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The Barbie Doll
Ruth Handler invented something in 1959 which became so quintessentially American as to be included in the official "America's Time Capsule" buried at the celebration of the Bicentennial in 1976: the Barbie doll.
In the early 1950s, Handler saw that her young daughter, Barbara, and her girlfriends enjoyed playing with adult female dolls as much or more than with baby dolls. Handler sensed that it was just as important for girls to imagine what they themselves might grow up to become as it was for them to focus on what caring for children might be like.
Because all the adult dolls then available were made of paper or cardboard, Handler decided to create a three-dimensional adult female doll, one lifelike enough to serve as an inspiration for her daughter's dreams of her future. Handler took her idea to the ad executives at
Mattel Corp., the company that she and her husband, Elliot, had founded in their garage some years before: the (all-male) committee rejected the idea as too expensive, and with little potential for wide market appeal.
Soon thereafter, Handler returned from a trip to Europe with a "Lilli" doll, modeled after a character in a German comic strip. Handler spent some time designing a doll similar to Lilli, and even hired a designer to make realistic doll clothes. The result was the Barbie doll (named in honor of the Handlers' daughter), a pint-sized model of the "girl next door."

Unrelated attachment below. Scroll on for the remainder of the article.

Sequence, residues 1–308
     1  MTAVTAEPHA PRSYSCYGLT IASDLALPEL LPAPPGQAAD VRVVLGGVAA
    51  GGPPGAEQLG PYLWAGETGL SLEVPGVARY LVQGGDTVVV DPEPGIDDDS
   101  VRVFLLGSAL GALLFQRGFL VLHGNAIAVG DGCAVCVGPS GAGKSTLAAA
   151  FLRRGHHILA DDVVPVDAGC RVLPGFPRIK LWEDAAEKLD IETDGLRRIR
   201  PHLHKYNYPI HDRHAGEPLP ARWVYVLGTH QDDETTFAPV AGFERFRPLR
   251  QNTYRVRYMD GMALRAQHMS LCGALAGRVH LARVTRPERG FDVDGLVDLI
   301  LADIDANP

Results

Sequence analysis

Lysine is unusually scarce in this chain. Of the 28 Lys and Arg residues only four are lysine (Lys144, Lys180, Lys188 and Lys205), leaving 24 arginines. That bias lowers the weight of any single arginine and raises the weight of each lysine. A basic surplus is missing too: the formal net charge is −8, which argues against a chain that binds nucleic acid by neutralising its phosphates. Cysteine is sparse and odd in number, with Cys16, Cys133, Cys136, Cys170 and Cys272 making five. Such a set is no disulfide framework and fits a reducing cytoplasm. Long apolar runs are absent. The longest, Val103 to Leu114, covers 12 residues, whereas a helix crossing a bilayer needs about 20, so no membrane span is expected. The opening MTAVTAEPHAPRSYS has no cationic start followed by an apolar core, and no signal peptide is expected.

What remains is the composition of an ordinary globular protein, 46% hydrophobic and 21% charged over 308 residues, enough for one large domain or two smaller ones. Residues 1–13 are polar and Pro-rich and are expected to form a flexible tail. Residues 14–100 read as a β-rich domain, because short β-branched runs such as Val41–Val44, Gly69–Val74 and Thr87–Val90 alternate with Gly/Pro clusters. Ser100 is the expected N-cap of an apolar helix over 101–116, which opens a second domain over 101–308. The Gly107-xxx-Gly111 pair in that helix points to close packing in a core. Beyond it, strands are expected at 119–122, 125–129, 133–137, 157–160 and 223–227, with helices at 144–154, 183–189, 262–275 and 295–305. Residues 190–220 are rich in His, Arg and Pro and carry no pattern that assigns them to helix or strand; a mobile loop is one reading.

Mattel finally agreed to back Handler's efforts; and the Barbie doll debuted at the American Toy Fair in New York City in 1959. Girls clamored for the doll, and Barbie set a new sales record for Mattel its first year on the market (351,000 dolls, at $3 each). Since then, Barbie's popularity has rarely flagged; and today, with over one billion dolls sold, the Barbie product line is the most successful in the history of the toy industry.
From the beginning, Barbie has also had her critics: the major accusation, from feminists and others, has been that she reinforces sexism, representing a young woman with questionable intelligence and a near-impossible physique. The late 60s even saw the creation of the "Barbie Liberation Organization," after Mattel introduced "Ken" (named after the Handlers' son), as Barbie's "handsome steady." Despite such criticisms, playing with Barbie dolls seems as a rule to enhance girls' self-image and expand their sense of their potential rather than the opposite. This has become more true over the years, as Barbie herself has expanded her horizons: she has now appeared as a doctor, astronaut, businesswoman, police officer, UNICEF volunteer, and athlete.
Ruth Handler undeniably invented an American icon that functions as both a steady cynosure for girls' dreams and an ever changing reflection of American society. This can be seen in the history of Barbie's clothes, and even her various "face lifts" to suit the times; in her professional, political and charitable endeavors; and more recently in the multi-culturalizing of her product line. There is little doubt that Barbie will accompany America into the new millennium.